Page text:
How to Burn DVDs With Windows Media Player
To make a movie disc in Windows Vista, you will need to use Windows DVD Maker. Those who have Windows 7 have a Media Player with DVD Maker built in, in Windows Media Center. Creating your own movies is a fun way to share movies of events in your life with friends and family. It also allows you to put together some of your favorite videos into one disc for easy viewing and for back up. DVDs can also be a large capacity back up for your other files, too. You can combine music, pictures, and videos on a DVD, so long as they are burned to disc at the same time.
So why would you choose Windows Media Player over any of the other programs out there? The main reason is because it is so compatible with so many formats. The discs it creates are able to be played on a wide variety of players, too.
If you choose to make a slideshow DVD, you'll have the ability to add effects to make it a polished production.
Firstly, you will need to make sure that you have a DVD burner drive installed or plugged in externally to your computer. It has to say DVD writer or DVD+/- R/RW on the device. These drives will also burn CDs. It may be a little difficult to see what the front of the drive says. You can also go into My Computer and see what the listing shows. As you can see in this image, it shows that the computer has a DVD-RW drive.
Secondly, choose a suitable Disc. A DVD+R or DVD-R will be able to be written only once, then it needs to be finalized for playback. A DVD+RW or DVD-RW will let you write and record over and over, as well as add onto the disc until it is finalized.
Thirdly, open Windows Media Player. You'll either double click it on your desktop or in the start menu, or if you have Windows 8 and purchased WMP, swipe in from the right, click the Windows logo, and locate Windows Media on the app screen.
To create your playlist you want to burn, you can drag items into that pane on the right hand side of Windows Media. You can change the order of the media titles by clicking and dragging them into the position you want. If you change your mind, you can simply right click and then click on Remove from List. This will not remove the file from your hard drive.
The media you pick will not be converted to a different format, so if you need to change the format, you will need to do that before you add it to the playlist and burn it to the disc. Windows Media does not do file conversions.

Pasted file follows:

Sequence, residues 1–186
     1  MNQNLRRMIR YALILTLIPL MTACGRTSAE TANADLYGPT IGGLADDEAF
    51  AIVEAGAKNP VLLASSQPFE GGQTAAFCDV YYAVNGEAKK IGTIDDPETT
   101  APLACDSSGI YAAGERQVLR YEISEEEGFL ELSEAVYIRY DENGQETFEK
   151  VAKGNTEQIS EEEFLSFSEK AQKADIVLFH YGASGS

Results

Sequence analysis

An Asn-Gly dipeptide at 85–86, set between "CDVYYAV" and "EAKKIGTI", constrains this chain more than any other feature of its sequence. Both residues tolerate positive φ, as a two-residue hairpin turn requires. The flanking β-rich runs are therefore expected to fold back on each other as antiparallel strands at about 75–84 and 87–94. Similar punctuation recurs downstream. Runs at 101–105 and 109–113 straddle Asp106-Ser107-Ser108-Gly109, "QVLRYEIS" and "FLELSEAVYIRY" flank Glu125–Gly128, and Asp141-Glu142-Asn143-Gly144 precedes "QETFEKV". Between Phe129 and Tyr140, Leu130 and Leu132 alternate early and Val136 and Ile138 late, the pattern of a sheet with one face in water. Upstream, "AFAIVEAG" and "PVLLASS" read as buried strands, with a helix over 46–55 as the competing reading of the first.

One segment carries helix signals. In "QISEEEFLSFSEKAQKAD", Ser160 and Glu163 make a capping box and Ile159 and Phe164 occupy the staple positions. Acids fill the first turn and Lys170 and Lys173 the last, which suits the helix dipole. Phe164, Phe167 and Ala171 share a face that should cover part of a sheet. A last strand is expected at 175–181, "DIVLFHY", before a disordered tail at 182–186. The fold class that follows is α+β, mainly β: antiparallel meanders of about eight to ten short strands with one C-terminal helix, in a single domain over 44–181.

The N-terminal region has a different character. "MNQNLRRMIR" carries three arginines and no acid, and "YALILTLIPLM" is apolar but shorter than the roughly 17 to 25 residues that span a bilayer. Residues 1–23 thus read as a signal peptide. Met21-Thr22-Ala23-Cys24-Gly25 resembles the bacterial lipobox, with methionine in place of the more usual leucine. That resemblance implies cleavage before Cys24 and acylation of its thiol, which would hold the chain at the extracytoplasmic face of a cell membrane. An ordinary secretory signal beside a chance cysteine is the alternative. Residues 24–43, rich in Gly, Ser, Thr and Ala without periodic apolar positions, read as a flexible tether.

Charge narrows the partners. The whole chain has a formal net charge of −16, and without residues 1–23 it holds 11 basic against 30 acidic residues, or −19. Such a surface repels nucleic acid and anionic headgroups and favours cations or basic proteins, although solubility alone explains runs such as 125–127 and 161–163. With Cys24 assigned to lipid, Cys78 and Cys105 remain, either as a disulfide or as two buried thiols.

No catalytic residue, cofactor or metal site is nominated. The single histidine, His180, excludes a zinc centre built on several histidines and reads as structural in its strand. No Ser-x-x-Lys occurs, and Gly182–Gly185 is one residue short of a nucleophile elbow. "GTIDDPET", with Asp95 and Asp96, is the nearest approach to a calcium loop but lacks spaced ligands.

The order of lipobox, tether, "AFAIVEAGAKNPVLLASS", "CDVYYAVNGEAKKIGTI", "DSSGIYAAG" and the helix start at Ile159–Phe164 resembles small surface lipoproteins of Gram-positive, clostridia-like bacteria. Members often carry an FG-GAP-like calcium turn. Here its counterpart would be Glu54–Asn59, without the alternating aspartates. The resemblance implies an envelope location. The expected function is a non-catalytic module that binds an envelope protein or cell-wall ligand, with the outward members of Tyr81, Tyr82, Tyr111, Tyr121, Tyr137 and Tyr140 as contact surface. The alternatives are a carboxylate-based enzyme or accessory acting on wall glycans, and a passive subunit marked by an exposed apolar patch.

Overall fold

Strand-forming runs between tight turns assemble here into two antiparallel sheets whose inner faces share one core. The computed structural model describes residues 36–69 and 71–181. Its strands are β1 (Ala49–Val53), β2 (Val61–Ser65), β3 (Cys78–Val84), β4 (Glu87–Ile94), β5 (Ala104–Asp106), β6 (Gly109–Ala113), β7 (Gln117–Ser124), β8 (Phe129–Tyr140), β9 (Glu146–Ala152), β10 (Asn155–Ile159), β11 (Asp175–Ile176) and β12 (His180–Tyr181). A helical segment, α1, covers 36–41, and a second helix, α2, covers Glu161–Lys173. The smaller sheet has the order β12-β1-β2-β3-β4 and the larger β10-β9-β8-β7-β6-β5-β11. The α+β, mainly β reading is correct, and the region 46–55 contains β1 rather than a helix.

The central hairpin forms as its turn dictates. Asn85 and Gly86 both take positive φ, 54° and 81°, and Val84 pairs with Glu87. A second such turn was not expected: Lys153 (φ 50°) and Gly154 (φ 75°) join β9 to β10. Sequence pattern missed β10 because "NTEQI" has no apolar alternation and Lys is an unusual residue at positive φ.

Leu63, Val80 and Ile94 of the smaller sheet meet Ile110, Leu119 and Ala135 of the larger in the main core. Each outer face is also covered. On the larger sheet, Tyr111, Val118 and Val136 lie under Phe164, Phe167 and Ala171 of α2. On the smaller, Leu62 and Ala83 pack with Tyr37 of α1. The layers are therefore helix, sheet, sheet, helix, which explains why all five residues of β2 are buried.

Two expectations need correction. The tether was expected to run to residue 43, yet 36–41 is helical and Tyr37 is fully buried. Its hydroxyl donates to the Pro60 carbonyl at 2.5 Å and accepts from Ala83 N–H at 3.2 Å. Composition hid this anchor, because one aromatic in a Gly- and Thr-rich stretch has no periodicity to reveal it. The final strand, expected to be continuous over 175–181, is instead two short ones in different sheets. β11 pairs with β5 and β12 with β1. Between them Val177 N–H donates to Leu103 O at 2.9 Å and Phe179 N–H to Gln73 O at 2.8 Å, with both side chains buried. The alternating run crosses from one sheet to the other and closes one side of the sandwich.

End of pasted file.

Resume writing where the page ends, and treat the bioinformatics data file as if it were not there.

Some DVD players are able to play any number of formats of discs, while others can only read true DVDs, so be sure what your target player or players can handle before starting the burning process. Otherwise you will end up with some very cranky grandparents. If you are making only a data disc, it will only be playable on a computer.
Fourthly, load the disc in the drive. The computer will check it to make sure it is compatible and doesn't have any flaws. Then click Burn up on the top menu of Windows Media and select Data CD or DVD. You can ignore the autoplay option that often comes up when the disc is first inserted. Tell it simply to Take No Action.
You can adjust the settings if you so desire before burning. This includes things like burn speed, which can help fix problems that occur during the burn process. You can also check the box to have even volume for every track. This is really a must so you don't have to keep adjusting the volume when you are playing it back.
When you are happy with the playlist, just click burn, and the process will start. Depending on the disc you are burning, it may take a while. A CD will finish in just a few minutes, but a DVD could take quite some time.
This is the screen you will see while the disc is being created. It gives you a status update for each track as it is burned.
If you have more files than will actually fit on your disc (though 4GB on a DVD is a lot of room), Windows Media will alert you and give you the option to split your recording across two discs.
Fifthly, if you are running Windows 7 with Windows Media Center and you are burning a movie DVD, you will be asked to pick from a number of formats, with Video DVD being one of them. You can name your DVD once you have selected this option. You'll load your playlist by telling WMC where to look, then click next.
Select each video you want to add then when you are ready, click Burn DVD. WMC will confirm with you that you want to make a DVD, then click Yes. It will take a while because there are a lot of bytes to burn.
The finished product should play in almost any player. Windows Media Player and Windows Media Center make it very easy for anyone to create their own discs, whether you want to make a CD to take on a trip with you, or a DVD of your child's first birthday. The finished product is pleasant to watch and simple to share. Plus, since it was created on Windows, you'll have fewer compatibility issues than you might with some other media center programs.
This article shows the details steps to burn a DVD with Windows Media Player. There are more editing function in Windows Media Player, check more about how to edit video with Media Player.
Article Source: http://EzineArticles.com/?expert=Liza_K_Brown